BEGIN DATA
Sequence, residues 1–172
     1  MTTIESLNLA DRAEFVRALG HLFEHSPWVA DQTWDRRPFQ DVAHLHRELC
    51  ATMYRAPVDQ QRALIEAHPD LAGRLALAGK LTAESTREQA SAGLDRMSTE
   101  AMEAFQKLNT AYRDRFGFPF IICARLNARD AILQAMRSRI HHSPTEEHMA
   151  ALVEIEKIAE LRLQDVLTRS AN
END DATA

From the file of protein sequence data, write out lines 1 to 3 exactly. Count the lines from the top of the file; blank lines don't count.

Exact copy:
Sequence, residues 1–172
     1  MTTIESLNLA DRAEFVRALG HLFEHSPWVA DQTWDRRPFQ DVAHLHRELC
    51  ATMYRAPVDQ QRALIEAHPD LAGRLALAGK LTAESTREQA SAGLDRMSTE